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Exchange Rate Regimes and Inflation Persistence

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  • Michael Bleaney

    (International Monetary Fund)

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    Abstract

    Some empirical research has suggested that inflation is more persistent under floating exchange rates. Theoretically, we should expect a higher variance of inflation persistence across countries under floating rates, but not necessarily a higher mean. It is shown that estimates of inflation persistence are biased upwards by underfitting mean shifts in the sample. After correction for mean shifts, there is evidence of greater inflation persistence in the post-Bretton Woods period, but no evidence of variation across exchange rate regimes. Monetary growth has been much less accommodative of inflation since 1979, with no difference between EMS and non-EMS countries. Copyright 2001, International Monetary Fund

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    Bibliographic Info

    Article provided by Palgrave Macmillan in its journal IMF Staff Papers.

    Volume (Year): 47 (2001)
    Issue (Month): 3 ()
    Pages: 5

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    Handle: RePEc:pal:imfstp:v:47:y:2001:i:3:p:5

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    Cited by:
    1. Giuseppe Diana & Moïse Sidiropoulos, 2004. "Central Bank Independence, Speed of Disinflation and the Sacrifice Ratio," Open Economies Review, Springer, Springer, vol. 15(4), pages 385-402, October.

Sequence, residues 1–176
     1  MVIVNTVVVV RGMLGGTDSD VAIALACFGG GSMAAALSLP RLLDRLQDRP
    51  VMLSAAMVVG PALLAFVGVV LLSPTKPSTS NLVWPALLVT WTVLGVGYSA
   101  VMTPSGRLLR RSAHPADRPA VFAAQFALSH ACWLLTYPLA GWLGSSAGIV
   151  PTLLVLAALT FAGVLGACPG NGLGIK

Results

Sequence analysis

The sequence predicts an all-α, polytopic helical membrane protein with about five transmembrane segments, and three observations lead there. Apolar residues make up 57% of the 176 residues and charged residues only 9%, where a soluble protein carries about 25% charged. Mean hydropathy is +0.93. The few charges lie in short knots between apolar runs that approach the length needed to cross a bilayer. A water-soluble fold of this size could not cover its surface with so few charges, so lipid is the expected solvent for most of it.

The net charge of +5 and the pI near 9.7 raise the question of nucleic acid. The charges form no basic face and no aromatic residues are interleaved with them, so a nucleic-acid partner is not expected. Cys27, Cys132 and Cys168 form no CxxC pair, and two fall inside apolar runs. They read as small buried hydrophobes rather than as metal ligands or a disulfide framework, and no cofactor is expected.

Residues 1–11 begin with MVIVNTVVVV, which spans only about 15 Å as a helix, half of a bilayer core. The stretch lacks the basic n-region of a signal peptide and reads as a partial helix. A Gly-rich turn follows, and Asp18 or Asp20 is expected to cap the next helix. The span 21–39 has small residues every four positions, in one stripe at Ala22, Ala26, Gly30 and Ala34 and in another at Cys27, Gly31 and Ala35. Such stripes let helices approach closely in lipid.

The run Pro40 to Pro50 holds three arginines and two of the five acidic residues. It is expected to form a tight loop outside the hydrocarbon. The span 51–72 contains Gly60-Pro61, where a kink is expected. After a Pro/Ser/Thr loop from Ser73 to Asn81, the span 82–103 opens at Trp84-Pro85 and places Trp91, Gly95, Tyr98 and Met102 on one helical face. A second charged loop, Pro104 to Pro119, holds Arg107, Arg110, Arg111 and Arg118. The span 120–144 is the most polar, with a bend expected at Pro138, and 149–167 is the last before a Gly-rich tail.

2. Jiranyakul, Komain, 2013. "Exchange Rate Regimes and Persistence of Inflation in Thailand," MPRA Paper 50109, University Library of Munich, Germany.
    3. Michael Bleaney & Manuela Francisco, 2005. "Inflation persistence and exchange rate regimes: evidence from developing countries," Economics Bulletin, AccessEcon, vol. 6(2), pages 1-15.
    4. Athanasios Papadopoulos & Giuseppe Diana & Moise Sidiropoulos, 2005. "Central Bank Reform and Inflation Dynamics in the Transition Economies theory and some evidence," Money Macro and Finance (MMF) Research Group Conference 2005, Money Macro and Finance Research Group 58, Money Macro and Finance Research Group.
    5. Bleaney, Michael & Fielding, David, 2002. "Exchange rate regimes, inflation and output volatility in developing countries," Journal of Development Economics, Elsevier, Elsevier, vol. 68(1), pages 233-245, June.
    6. repec:ebl:ecbull:v:6:y:2005:i:2:p:1-15 is not listed on IDEAS

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